"If airlines are worried, they sure aren't showing it," said Oppenheimer analyst Yair Reiner in a note to clients.
Investors rallied behind the company Wednesday, sending shares up by 3.5 percent to $76.74. That followed a two-day drop of 4.6 percent. Boeing shares had gained 11 percent in the three months prior to Monday as investors anticipated a growing flow of cash from Boeing's faster production of its big planes.
Besides the fire, another Japan Airlines plane leaked 40 gallons of fuel at Boston Logan on Tuesday. The airline said an open valve caused one tank to overflow through a vent. Last month a United Airlines 787 flying from Houston to Newark, N.J., diverted to New Orleans because of an electrical problem with a power distribution panel.
Japan's All Nippon Airways, meanwhile, said it cancelled a domestic flight to Tokyo on Wednesday after a computer wrongly indicated there was a problem with the Boeing 787's brakes.
Boeing insisted on Wednesday that the 787's problems are no worse than what it experienced when its 777 was new in the mid-1990s. That plane is now one of its top-sellers and is well-liked by airlines.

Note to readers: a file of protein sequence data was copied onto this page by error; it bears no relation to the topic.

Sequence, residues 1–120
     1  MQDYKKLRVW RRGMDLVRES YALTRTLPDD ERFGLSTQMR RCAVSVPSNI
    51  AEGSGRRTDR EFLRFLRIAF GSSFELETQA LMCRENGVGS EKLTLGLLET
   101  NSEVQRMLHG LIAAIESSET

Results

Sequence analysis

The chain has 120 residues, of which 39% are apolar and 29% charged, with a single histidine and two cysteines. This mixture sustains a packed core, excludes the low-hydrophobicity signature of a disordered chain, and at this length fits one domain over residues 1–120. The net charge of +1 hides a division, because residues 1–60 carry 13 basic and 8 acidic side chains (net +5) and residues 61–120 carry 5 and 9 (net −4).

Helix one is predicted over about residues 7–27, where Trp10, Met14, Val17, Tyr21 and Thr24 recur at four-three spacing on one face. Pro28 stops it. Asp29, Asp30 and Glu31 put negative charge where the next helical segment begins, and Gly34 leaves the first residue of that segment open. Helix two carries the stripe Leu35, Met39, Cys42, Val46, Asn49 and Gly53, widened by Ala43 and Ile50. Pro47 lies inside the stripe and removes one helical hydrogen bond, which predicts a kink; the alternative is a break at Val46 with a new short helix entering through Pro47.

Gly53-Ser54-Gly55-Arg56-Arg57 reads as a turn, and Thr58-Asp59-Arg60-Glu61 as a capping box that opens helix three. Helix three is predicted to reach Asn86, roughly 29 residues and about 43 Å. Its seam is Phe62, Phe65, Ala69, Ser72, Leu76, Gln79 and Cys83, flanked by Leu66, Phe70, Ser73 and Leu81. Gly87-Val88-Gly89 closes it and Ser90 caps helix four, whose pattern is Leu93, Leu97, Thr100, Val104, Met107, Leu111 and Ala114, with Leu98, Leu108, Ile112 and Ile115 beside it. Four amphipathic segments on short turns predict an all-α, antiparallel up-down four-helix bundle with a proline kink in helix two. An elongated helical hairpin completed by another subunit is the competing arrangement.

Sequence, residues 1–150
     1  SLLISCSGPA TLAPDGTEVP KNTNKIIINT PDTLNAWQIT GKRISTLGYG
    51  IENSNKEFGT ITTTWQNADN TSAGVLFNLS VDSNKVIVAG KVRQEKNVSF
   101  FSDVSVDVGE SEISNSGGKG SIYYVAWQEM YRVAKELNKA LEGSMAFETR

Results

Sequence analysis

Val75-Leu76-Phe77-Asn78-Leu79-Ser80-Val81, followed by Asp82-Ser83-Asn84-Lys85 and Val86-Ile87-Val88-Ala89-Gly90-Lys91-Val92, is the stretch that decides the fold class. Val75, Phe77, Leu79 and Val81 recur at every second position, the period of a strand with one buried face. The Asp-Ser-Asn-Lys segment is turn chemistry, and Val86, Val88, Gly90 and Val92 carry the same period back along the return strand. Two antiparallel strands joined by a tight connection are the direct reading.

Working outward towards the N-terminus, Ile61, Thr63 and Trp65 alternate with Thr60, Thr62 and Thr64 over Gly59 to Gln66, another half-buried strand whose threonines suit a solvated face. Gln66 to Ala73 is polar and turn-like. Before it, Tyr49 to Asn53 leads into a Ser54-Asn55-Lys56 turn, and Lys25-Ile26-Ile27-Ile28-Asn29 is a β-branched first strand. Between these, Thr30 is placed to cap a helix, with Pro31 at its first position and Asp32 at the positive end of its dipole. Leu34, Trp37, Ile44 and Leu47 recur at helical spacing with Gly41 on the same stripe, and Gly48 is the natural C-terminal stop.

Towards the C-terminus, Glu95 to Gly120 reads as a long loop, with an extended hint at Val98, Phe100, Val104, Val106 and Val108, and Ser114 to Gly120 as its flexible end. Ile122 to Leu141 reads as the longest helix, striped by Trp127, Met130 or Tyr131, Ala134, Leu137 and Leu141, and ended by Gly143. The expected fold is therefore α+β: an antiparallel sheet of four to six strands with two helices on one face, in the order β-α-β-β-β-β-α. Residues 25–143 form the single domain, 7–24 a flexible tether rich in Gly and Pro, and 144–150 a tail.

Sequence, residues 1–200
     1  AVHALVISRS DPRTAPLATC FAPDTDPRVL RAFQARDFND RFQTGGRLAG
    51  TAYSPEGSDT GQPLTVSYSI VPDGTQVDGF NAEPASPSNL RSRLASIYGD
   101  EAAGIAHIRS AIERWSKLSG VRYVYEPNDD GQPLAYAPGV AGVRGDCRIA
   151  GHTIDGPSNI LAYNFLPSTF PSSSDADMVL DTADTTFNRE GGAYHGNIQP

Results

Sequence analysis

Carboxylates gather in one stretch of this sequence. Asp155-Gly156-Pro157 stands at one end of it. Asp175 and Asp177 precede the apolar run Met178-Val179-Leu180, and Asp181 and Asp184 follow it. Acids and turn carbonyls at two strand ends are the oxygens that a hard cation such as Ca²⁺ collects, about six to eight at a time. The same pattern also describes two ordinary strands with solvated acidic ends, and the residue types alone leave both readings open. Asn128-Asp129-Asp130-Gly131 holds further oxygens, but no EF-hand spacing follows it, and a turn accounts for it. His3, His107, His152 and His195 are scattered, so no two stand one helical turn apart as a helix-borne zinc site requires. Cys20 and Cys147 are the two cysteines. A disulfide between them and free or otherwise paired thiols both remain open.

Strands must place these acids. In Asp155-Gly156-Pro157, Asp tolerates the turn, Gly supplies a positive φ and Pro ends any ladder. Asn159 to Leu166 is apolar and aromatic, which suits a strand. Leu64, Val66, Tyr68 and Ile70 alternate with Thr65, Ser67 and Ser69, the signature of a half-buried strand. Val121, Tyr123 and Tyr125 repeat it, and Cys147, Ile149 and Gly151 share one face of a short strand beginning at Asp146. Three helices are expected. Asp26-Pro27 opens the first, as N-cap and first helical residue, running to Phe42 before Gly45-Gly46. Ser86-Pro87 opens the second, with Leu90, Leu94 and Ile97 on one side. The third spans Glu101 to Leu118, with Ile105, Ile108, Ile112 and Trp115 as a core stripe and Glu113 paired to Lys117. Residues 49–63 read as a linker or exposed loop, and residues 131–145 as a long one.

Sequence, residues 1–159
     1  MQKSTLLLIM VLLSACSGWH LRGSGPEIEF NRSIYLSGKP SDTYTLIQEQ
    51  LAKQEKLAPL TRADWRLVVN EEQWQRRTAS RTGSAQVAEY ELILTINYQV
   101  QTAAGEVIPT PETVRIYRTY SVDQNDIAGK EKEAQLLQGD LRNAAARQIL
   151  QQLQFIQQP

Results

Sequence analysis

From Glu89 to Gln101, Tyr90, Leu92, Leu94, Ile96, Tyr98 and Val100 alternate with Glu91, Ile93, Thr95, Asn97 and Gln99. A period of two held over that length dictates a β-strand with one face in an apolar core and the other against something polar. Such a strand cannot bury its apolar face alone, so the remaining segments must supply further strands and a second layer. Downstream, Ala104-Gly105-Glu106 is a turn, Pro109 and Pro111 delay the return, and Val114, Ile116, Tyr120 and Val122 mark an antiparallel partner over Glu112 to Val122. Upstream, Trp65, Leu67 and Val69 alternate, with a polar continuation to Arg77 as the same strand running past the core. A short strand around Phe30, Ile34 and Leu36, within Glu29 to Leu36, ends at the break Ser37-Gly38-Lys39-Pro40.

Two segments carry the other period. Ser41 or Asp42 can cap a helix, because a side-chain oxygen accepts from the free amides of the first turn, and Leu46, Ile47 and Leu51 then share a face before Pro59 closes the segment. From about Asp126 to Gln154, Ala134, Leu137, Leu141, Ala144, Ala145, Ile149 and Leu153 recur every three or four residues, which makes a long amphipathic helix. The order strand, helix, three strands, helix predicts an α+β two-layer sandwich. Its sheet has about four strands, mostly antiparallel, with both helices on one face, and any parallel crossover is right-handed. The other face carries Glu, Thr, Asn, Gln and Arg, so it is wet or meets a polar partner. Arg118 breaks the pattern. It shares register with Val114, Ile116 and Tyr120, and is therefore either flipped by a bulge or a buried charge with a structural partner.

"Just like any new airplane program, we work through those issues and move on," said Mike Sinnett, the 787 chief engineer. He added, "We're not satisfied until our reliability and our performance are 100 percent."
Sinnett didn't say so, but other new planes have had their own issues, including the Airbus A380 superjumbo. Small cracks have been discovered on the wings, and in 2010 a Rolls Royce engine on a Qantas flight exploded in mid-flight.
He said the nature of lithium ion batteries means no fire extinguisher system will stop them from burning once they start. The NTSB said it took firefighters 40 minutes to put out Monday's fire.
Sinnett said Boeing has no plans to replace the lithium ion batteries with another type. If he had to re-do the choice to go with lithium ion, he said, he'd make the same choice today.
AP Airlines reporter Scott Mayerowitz in New York contributed to this report.